On Nov. 2, the African Digital Asset Framework (ADAF) launched with a mandate to promote cryptocurrency commerce within the continent. Co-founder Felix Macharia said ADAF is an open-source software platform to create cross-border standards for cryptocurrency and blockchain technology. It will also complement the African Union’s Single African Digital Market initiative, which leverages technology to stimulate digitized economic integration.
“ADAF was formed by organizations in the digital asset space who looked to harmonize standards and regulation in the space,” Macharia, who heads strategy at the Nairobi-based project, told news.Bitcoin.com. “Digital assets know no borders. If Africa is to benefit from the full potential of distributed ledger technologies and even from agreements around free trade, we must start drafting standards, legislation and regulations that are in line with this new reality,” he added.
The framework, which is backed by ambassadors of the African Union, its member states and the African Development Bank (AfDB), marked its inception with a research and development paper on digitally-driven borderless commerce within the African continent and between its diaspora. The paper points to virtual currencies like bitcoin as key to enhancing economic integration within and beyond the continent, while actively developing strong legal and technological standards on the project’s open-source platform.
Africa has an economic footprint across the globe through its diaspora, but trade between African countries accounts for only 11 percent of the continent’s collective gross domestic product. Africa’s inchoate intra-continental trade infrastructure is partially responsible for the great conundrum whereby some African countries earn a measly 5 percent royalty for their natural resources, according to pan-Africanist journalist Baffour Ankomah.
ADAF to Spur Cross-Border Trade
“Digital assets create a secure way for people to trade, peer-to-peer, across borders, enabling people to securely access and transfer items like currency, identities, land titles and votes over the internet,” ADAF said, in a separate online statement. Standards will be tabled, discussed, edited, and implemented on the ADAF platform, with a view to “encouraging digital asset ownership and value exchange in digital economies between Africans and its diaspora.”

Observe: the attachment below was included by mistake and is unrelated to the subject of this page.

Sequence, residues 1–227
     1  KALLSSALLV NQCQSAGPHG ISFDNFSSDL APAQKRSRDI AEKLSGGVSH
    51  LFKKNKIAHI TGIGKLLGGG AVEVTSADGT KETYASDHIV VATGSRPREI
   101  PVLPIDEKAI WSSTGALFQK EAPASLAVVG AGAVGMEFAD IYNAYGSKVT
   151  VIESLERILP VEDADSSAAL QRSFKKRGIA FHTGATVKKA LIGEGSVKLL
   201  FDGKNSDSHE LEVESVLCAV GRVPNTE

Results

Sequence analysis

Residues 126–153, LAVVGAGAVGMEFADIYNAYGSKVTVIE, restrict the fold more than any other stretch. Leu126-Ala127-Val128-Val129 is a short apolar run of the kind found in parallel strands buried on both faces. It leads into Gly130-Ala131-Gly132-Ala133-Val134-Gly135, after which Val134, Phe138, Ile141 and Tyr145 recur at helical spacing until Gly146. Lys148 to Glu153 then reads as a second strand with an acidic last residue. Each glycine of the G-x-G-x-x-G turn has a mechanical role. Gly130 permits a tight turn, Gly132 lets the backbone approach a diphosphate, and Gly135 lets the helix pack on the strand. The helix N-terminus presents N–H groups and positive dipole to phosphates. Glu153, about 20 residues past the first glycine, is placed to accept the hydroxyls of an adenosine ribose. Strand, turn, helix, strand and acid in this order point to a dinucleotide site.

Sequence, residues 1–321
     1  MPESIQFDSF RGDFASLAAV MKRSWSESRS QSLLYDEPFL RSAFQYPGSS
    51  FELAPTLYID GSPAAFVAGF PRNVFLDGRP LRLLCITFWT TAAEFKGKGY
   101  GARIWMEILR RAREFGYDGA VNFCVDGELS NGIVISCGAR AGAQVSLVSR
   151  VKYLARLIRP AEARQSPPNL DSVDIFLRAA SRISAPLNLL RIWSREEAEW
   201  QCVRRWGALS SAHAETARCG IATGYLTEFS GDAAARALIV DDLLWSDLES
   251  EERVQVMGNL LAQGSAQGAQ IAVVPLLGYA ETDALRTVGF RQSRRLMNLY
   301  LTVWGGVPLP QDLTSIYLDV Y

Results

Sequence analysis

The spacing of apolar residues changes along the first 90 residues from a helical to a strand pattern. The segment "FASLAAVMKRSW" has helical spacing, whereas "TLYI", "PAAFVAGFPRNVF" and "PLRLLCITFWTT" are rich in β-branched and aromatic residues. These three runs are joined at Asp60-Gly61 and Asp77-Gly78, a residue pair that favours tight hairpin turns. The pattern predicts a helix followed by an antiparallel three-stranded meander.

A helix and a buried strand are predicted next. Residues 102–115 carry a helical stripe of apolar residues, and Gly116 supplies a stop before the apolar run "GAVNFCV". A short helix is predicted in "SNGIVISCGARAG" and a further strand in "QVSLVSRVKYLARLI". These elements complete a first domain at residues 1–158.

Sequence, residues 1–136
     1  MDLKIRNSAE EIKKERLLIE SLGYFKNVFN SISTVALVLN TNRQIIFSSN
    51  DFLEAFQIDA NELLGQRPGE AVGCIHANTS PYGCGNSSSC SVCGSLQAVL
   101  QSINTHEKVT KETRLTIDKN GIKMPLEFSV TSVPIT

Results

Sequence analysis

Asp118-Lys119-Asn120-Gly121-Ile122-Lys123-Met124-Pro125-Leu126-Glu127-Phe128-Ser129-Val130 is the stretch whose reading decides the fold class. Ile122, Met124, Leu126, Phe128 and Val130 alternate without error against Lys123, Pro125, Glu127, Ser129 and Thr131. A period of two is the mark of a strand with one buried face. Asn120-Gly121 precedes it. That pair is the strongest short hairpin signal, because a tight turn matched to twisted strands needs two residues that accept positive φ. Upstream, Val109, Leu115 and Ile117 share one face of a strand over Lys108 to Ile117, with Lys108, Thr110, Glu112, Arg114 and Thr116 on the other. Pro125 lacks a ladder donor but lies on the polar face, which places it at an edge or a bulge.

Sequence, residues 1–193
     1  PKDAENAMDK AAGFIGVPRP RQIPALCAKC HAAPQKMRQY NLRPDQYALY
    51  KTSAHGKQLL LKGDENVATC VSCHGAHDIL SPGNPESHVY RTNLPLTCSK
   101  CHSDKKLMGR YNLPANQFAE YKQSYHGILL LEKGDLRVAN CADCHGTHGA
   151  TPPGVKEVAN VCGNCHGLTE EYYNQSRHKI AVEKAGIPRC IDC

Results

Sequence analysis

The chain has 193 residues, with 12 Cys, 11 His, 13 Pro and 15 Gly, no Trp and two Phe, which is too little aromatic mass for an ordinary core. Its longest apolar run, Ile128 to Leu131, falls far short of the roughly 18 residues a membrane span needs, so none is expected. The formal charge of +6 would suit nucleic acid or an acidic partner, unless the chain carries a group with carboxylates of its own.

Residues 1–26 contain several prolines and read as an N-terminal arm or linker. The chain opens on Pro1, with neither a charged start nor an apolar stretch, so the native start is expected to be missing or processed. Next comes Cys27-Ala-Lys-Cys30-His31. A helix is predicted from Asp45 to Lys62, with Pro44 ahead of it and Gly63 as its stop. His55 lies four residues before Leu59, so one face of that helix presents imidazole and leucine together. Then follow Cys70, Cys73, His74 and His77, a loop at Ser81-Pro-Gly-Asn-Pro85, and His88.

Macharia stated that the platform, built around the idea of collective creation, will display technological codes and policy proposals for different commercial sectors, data on sustainable development objectives, and thought leadership from community members. It includes a multi-lingual interface for individuals, civil society, entrepreneurs and policymakers to propose solutions, actions and standards of self-regulation that reflect changes in the cryptocurrency space, as well as offering translation services for such proposals.
Diplomatic heavyweights signed to the pan-African initiative include former president of Mauritius Dr. Ameenah Gurib-Fakim; AfDB chief of corporate governance and shareholder relations Adewale Iyanda; and Queen Diambi Kabatusuila Tshiyoyo Muata of DRC’s Kasai Kingdom. There is also a high-profile tech buy-in, with ambassadors such as the AU’s Head of Internet Society and ICT Infrastructure Moctar Yedaly and chair of Kenya Blockchain and AI Taskforce Dr. Bitange Ndemo.
ADAF was initially introduced to the global community as an idea on Nelson Mandela international day at the United Nations in July. It is led by its three founding member organizations: Raise, Kotani, and andalba.one, and supported, as a platform, by the ADAF Foundation, which is registered as a trust in Kenya.
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